Gut Instinct

Gut Instinct

The topic of gut instinct can easily fall into the eerie-soft-and-fluffy-hippie category.

And I can understand that. Lots of people are turned off by the thought of tuning into that deep, intrinsic ‘knowing’ we are all said to possess.

Take my husband for example. I can just imagine the look on his face if I were to say “just trust your inner voice honey”. He would probably roll his eyes and give me that “sometimes I wonder what planet you come from” look.

In organisational settings it can be particularly hard to justify a ‘gut instinct’ decision. Rocking up to the next management meeting as a senior leader and saying you don’t support a particular strategy because “it just doesn’t feel right” ain’t gonna cut it.

But before you dismiss using gut instinct in your role as a leader, consider this. There is literally tonnes of scientific evidence to support gut instinct as a real and effective tool in decision making.

For example, a  study by Canada’s University of Alberta discovered when it comes to working out where the future lies (i.e. when making decisions) your unconscious mind is both smarter than you think and can be a great motivator.

Another experiment conducted by Prof. Marius Usher of Tel Aviv University’s School of Psychological Sciences and his fellow researchers, found that intuition was a surprisingly powerful and accurate tool. When forced to choose between two options based on instinct alone, the participants made the right call up to 90 percent of the time.

A report in the Journal of Organizational Behavior and Human Decision Processes by researchers from Boston College, George Mason University and Rice University, says that intuition may be just as effective in decision-making as an analytical approach.

“It turns out intuition isn’t always bad and there are conditions where it is a good way to make the right decision,” said co-author Michael Pratt.

And with hindsight, many of the best decisions I have made in both my professional and private life have been when I have followed my gut response to a situation, even when everything on the surface has pointed towards a different path. Conversely, when I have dismissed that ‘niggling, difficult to quantify and just can’t put my finger on it’ sentiment, more often than not, I have come to regret it.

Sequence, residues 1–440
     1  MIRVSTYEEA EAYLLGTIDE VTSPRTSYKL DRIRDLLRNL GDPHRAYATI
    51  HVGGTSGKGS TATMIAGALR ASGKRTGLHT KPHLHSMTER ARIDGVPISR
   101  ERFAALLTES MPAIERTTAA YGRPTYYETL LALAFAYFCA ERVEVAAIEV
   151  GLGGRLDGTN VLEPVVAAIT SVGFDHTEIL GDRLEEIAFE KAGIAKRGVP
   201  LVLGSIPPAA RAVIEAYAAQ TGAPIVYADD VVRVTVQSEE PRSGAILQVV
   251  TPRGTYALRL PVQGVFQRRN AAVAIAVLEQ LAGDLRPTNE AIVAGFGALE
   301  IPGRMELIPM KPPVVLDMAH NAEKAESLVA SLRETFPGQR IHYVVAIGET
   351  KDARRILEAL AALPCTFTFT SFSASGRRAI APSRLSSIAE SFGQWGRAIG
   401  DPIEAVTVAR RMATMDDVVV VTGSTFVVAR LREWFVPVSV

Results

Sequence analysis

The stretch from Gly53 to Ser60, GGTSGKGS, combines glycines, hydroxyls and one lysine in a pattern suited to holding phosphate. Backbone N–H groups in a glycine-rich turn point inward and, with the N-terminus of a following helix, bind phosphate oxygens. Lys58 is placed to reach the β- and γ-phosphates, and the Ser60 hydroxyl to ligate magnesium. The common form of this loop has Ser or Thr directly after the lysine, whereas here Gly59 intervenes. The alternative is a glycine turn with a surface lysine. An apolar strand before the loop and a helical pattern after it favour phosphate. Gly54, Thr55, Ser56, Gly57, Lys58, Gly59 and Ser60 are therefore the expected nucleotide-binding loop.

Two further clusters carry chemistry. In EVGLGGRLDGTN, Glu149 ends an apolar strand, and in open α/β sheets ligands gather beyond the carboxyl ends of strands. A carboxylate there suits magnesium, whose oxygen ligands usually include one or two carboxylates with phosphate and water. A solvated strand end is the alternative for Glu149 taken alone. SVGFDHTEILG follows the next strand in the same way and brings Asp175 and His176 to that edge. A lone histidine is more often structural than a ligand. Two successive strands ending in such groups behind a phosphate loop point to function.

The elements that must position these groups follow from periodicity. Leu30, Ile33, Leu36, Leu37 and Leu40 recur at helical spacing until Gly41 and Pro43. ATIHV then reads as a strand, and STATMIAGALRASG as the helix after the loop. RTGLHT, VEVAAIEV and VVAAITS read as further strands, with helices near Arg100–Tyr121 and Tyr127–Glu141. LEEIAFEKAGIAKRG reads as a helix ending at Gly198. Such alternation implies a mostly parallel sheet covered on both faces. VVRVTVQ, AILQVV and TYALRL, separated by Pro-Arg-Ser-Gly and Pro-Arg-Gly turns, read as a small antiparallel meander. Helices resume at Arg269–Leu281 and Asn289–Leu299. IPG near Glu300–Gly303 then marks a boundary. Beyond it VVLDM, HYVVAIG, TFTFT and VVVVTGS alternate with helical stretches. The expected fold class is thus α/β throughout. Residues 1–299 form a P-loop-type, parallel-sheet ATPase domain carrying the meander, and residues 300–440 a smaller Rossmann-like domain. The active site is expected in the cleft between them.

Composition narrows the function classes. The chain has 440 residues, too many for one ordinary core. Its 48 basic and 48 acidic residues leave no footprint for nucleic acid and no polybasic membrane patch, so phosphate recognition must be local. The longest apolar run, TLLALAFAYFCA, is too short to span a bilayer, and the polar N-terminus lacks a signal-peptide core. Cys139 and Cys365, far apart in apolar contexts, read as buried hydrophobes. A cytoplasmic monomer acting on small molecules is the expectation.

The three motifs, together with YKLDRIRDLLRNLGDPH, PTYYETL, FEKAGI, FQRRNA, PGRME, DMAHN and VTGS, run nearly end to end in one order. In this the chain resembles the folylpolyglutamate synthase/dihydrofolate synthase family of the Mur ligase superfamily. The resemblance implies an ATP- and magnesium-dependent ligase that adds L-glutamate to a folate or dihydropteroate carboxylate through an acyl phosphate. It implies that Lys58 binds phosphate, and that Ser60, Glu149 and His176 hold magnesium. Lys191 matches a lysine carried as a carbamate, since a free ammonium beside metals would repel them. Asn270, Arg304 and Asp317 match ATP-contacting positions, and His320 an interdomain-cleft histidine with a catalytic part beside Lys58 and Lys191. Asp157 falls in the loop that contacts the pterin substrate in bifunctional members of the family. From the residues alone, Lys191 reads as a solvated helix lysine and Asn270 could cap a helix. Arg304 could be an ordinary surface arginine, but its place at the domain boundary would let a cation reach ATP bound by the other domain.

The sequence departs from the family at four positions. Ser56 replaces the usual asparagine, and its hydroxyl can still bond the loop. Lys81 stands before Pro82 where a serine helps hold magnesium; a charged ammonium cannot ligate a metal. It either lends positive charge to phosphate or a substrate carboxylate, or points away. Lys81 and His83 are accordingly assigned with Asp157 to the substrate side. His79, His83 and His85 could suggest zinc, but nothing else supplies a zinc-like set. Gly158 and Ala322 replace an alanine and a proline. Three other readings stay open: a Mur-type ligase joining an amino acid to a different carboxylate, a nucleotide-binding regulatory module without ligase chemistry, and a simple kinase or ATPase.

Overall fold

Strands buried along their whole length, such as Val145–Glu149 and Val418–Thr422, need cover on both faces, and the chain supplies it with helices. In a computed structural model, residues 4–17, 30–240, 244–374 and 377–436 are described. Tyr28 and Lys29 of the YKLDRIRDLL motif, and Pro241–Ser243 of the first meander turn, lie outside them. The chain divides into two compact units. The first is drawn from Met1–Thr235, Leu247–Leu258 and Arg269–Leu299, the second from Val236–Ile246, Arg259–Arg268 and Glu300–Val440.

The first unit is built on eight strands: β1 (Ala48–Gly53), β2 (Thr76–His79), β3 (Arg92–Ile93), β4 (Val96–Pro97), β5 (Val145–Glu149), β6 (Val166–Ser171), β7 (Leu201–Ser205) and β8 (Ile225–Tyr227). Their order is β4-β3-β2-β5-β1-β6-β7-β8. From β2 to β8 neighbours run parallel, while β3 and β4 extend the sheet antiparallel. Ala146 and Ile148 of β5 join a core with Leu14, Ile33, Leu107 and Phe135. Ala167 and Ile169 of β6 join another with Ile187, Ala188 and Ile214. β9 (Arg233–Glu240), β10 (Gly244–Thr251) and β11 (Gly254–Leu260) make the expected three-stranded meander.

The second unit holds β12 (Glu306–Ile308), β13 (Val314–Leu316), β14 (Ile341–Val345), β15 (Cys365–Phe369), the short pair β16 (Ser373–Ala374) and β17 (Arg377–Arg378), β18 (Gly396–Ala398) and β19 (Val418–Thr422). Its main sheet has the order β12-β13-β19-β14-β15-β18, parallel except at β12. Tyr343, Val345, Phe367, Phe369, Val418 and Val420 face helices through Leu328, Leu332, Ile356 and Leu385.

I’m not suggesting we should base all of our decisions on intuition. But, when you have researched, compared, analysed, weighed up the pros and cons, and done your due diligence, perhaps tuning into your subconscious mind and simply trusting your instincts to guide the decision making process could be an option worth considering.

What do you think? Is gut instinct a feasible tool that leaders can harness?


  1. […] our gut instinct can give us the signals we need to stop and listen to. Recognising something is not as it should be […]

  2. […] Gut Instinct ( […]

  3. MichaelJ on August 29, 2013 at 6:50 am

    Hi Suzi,

    In “heat of the moment” situations, often all you have time for are snap judgements. These may well seem to be from your “gut”, but in fact they are based on experience and knowledge. The more experience you have, the easier snap judgements can be to get right. That’s why, for example, professional sportspeople make lighting-like on-field decisions that seem “instinctual” and effortless. The effort was there all-right, in the hours and hours of practice and training that came before.

    But beware, sub-conscious bias can be influential and cause snap judgements, gut-decisions, and instant reactions that in hindsight we realize were not the best. I second Rebecca in her comments above: knowing when to take your time and when to trust your experience is key, and Malcolm Gladwell’s fascinating book, “Blink”, is a great read for more on that.


    • The Leader's Digest on August 29, 2013 at 6:43 pm

      Thanks for your comments. I love your analogy regarding sportspeople, this is absolutely true. Great to hear from you. Cheers, Suzi.

  4. Rebecca on August 28, 2013 at 5:48 am

    It’s true, a lot of time can be wasted over-analysing a situation. The trick is to work out which moments need quick thinking and which need analysis. Read Malcolm Gladwell’s book Blink – the power of thinking without thinking. Makes you rethink your response to situations, for sure.

    • The Leader's Digest on August 29, 2013 at 6:29 pm

      Very true Rebecca! Gladwell’s book sounds interesting, I have added it to my ‘want to read’ list at – thanks for your feedback. Cheers, Suzi.

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Suzi McAlpine

Suzi McAlpine is a Leadership Development Specialist and author of the award-winning leadership blog, The Leader’s Digest. She writes and teaches about accomplished leadership, what magic emerges when it’s present, and how to ignite better leadership in individuals, teams and organisations. Suzi has been a leader and senior executive herself, working alongside CEOs and executive teams in a variety of roles. Her experience has included being a head-hunter, an executive coach, and a practice leader for a division at the world’s largest HR consulting firm. Suzi provides a range of services as a Leadership Development Specialist, including executive coaching, leadership workshops and development programmes for CEOs, leadership teams and organisations throughout New Zealand.

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